Is there a formula for success when building portfolio-specific models?

July 30, 2009 by Guest Contributor

By: Wendy Greenawalt

When consulting with lenders, we are frequently asked what credit attributes are most predictive and valuable when developing models and scorecards. Because we receive this request often, we recently decided to perform the arduous analysis required to determine if there are material differences in the attribute make up of a credit risk model based on the portfolio on which it is applied.

The process we used to identify the most predictive attributes was a combination of art and sciences — for which our data experts drew upon their extensive data bureau experience and knowledge obtained through engagements with clients from all types of industries. In addition, they applied an empirical process which provided statistical analysis and validation of the credit attributes included. Next, we built credit risk models for a variety of portfolios including bankcard, mortgage and auto and compared the credit attribute included in each.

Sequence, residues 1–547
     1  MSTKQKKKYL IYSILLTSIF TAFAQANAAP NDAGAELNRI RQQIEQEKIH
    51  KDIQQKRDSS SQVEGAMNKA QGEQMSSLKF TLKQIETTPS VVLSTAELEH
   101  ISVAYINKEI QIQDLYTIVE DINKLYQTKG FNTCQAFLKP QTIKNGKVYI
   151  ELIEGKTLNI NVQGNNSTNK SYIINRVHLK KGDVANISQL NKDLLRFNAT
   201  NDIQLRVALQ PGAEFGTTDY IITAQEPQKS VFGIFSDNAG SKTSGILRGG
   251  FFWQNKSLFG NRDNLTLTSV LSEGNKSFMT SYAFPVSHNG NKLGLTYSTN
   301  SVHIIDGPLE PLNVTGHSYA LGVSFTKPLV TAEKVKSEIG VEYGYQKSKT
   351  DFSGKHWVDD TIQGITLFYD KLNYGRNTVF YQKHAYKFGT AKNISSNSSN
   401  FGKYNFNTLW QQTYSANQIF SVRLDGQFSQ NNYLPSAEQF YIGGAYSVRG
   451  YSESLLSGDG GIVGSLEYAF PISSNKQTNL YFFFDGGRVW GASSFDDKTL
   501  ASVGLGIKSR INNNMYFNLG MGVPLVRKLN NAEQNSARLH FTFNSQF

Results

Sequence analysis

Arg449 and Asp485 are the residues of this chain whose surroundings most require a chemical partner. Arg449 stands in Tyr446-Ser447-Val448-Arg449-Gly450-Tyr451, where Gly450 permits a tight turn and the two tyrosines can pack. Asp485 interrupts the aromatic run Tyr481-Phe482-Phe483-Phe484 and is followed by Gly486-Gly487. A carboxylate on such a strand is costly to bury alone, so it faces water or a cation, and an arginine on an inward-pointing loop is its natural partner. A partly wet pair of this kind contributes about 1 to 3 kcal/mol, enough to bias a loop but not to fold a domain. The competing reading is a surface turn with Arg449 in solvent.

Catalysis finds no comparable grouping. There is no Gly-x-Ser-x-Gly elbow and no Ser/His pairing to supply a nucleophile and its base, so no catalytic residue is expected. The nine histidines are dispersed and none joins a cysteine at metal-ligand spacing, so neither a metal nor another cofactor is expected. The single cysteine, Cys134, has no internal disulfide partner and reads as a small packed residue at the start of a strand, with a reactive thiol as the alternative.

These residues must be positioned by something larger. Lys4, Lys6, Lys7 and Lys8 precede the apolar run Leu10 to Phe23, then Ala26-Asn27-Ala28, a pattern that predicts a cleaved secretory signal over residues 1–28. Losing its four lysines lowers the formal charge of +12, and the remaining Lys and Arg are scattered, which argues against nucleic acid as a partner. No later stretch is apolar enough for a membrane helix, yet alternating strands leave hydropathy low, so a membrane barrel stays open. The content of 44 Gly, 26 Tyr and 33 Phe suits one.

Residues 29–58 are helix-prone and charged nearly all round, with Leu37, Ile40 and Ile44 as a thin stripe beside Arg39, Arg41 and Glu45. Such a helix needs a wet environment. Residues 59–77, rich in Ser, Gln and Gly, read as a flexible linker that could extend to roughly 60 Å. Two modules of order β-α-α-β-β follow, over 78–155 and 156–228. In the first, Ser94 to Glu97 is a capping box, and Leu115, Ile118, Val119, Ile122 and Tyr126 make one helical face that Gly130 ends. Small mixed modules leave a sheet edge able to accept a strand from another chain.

What we found is that there are some attributes that are inherently predictive regardless for which portfolio the model was being developed. However, when we took the analysis one step further, we identified that there can be significant differences in the account-level data when comparing different portfolio models.

This discovery pointed to differences, not just in the behavior captured with the attributes, but in the mix of account designations included in the model. For example, in an auto risk model, we might see a mix of attributes from all trades, auto, installment and personal finance…as compared to a bankcard risk model which may be mainly comprised of bankcard, mortgage, student loan and all trades.  Additionally, the attribute granularity included in the models may be quite different, from specific derogatory and public record data to high level account balance or utilization characteristics.

What we concluded is that it is a valuable exercise to carefully analyze available data and consider all the possible credit attribute options in the model-building process – since substantial incremental lift in model performance can be gained from accounts and behavior that may not have been previously considered when assessing credit risk.